It is becoming obvious, once we can judge the size of the police/military escort we are picking up, that we will not be allowed to stop. The convoy is travelling very fast and through red lights. As we pass various small towns the police and army in large numbers seem to be lining the route . When the buses stop at a junction or a roadblock, riot police immediately run alongside the bus. This is by no means over. We are told to keep our seats by Yasmien. We can barely travel one hundred yards without seeing massive groups of soldiers.
It is about seven thirty, and there is an announcement over the bus tannoy: "everyone who tries to enter Diyarbakir the way we went will probably be killed." To be honest I was quite happy to be run out of country, and I mention this to Andy who is sitting next to me. He tells me that the police escort will probably diminish once we have been put out of the Emergency Zone. Miranda is on the phone to the British Embassy trying to find out what happened to Bruce Kent and the others who flew into Diyarbakir; where--the latest news tells us--about 2,000 people have been arrested and they are using the schools as temporary prisons. At about 11 o'clock another announcement suggests that we try a sit down protest at the next stop: "The purpose of this association is to provide support for the mass of refugees--the mass that wants peace the most--they are the victims of the war and they want peace the most. In Turkey it's one of the most dangerous things to strive for: peace. Thankyou."
The confusion and paranoia reached a crescendo when they let us stop at a service station for petrol. As far as we knew we would be ran all the way to Istanbul and people were tired, hungry and thirsty, so there was something of a mad scramble. This was complicated by the organisers telling us not to buy anything because this was a fascist place. Somewhere in all this I heard that a Kurdish guy got his arm broke by the police for attempting to get on the bus, I think he was trying to join the convoy, we could also see some kind of disturbance at the Italian bus. Things almost get completely out of hand, but we manage somehow to get back on the road.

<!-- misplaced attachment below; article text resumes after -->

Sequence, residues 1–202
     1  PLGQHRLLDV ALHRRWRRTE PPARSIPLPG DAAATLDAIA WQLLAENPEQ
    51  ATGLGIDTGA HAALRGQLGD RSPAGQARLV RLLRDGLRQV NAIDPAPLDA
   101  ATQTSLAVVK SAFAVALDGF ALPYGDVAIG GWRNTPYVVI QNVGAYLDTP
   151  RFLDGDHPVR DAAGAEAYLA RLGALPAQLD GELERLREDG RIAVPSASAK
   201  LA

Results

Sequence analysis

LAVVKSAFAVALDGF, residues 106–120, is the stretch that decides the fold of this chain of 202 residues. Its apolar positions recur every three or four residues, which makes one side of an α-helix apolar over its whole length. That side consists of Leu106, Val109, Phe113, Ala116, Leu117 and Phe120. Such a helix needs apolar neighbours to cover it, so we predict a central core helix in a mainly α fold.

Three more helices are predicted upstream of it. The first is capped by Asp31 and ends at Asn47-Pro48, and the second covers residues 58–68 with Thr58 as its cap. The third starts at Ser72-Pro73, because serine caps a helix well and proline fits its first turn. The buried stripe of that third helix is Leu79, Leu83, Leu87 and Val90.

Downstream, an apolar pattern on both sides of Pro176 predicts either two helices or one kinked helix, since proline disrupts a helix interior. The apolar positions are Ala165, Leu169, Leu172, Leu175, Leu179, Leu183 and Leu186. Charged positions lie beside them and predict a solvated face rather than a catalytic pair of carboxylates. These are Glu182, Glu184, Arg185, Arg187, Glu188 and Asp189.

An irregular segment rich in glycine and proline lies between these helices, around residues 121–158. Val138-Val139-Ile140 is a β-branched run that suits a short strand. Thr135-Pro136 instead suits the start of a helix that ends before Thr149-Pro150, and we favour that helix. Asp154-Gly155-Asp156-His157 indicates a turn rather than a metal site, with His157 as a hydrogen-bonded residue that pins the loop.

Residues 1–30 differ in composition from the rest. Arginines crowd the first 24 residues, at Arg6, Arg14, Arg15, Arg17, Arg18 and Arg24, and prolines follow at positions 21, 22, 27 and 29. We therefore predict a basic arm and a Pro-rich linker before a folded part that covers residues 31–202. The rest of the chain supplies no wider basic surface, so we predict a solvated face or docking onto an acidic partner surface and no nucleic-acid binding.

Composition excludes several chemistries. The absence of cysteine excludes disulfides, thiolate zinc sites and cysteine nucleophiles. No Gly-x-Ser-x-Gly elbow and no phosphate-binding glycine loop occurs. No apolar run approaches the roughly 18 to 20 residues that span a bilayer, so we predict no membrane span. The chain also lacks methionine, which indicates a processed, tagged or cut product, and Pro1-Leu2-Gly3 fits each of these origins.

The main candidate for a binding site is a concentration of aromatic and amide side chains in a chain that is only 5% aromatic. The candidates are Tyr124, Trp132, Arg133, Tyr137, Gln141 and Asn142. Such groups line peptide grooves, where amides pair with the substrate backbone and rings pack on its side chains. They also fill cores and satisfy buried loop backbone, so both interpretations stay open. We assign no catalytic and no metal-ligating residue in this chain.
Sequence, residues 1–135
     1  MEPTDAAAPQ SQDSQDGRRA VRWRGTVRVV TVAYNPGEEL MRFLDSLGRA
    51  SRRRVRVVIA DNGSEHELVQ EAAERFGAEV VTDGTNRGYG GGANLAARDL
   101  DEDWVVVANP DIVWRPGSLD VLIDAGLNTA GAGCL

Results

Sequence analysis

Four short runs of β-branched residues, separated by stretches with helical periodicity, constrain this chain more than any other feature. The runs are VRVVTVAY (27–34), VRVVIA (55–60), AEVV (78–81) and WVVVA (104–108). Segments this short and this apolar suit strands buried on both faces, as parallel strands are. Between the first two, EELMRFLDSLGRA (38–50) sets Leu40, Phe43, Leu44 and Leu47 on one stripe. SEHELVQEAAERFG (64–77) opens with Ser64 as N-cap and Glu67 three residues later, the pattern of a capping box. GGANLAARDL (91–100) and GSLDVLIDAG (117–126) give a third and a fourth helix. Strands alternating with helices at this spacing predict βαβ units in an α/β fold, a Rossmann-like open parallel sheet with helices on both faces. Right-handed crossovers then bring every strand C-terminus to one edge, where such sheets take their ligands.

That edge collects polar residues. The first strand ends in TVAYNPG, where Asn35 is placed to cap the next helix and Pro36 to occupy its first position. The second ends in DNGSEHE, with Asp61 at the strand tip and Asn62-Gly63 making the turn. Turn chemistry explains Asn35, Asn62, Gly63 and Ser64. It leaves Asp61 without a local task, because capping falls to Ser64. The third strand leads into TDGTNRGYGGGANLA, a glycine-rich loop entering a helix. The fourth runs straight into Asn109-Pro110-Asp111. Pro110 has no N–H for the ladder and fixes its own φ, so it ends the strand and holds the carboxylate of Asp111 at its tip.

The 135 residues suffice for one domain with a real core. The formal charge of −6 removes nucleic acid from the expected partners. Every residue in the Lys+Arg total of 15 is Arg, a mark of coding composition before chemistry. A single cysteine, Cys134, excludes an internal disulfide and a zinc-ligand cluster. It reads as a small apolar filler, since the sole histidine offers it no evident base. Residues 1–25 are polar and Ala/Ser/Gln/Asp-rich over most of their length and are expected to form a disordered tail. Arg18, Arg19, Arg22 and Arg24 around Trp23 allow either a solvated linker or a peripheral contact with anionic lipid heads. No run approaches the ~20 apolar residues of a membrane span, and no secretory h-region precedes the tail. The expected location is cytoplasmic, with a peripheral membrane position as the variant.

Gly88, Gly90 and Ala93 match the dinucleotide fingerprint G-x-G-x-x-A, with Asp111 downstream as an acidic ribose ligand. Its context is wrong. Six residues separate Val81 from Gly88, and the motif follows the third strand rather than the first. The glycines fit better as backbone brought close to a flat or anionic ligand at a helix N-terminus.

Most of the police escort must have left us at some time in the night as there are only two or three police cars, but we have also lost the rest of the convoy. We join up again at about ten o' clock. The headlines in the Turkish press are calling us "Peace Terrorists" which causes a bit of laughter on our part. As the day proceeds it looks like the authorities are trying to force us on to the road to Istanbul rather than Ankara, where we plan to hold a press conference and meet up with Embassy officials from each country. The buses are forcibly stopped at the Motorway turn-off for Ankara and we all get out and up front again.
A sit down protest in front of the buses in the middle of the Motorway is already in progress as we arrived with the press gathering. To one side of the buses it is a quiet little wood with birds chirping, on the other side the police are bringing up heavy reinforcements and redirecting the chaos of the traffic. Two water cannon tanks come rolling through all the police cars and a helicopter circles in the sky. A Military General and the First Secretary of the Police Section and the leader of the Jandarma are putting their heads together and barking out the orders, off at the back of the convoy I notice the riot squad vans pulling up and the men getting out with their shields, helmets and batons glistening in the sun. All the delegations get on their mobile phones to their Ambassadors in Ankara. The German Embassy "declined" to attend and told them to "piss off" in German, the Belgian said that "it was all their own fault and they shouldn't have come." One of the South African Ambassadors talked to one of the top Secret Policeman, protesting about being blocked access to his Embassy, the policeman replied that "he didn't care who he was". Things are beginning to look bleak, when our own Ambassador, John Benjamin arrives. He is not what we expected: long curly hair, about five foot two and obviously only wearing a black suit and tie for his job. He immediately asked us if we want to be evacuated out of the situation, an offer we decline. Once appraised of the situation he begins to talk with the Secret Policeman--who refused to give his name to anyone--apparently directing operations. I could see the exasperation on Benjamin's face as he tried to be 'diplomatic', but through his and the negotiations of the others the situation turned in our favour. I noticed the riot police get back in their vans and we return to our buses. Despite the precarious nature of the situation there is a little man out there who has turned up to sell Turkish doughnuts, and people are buying them.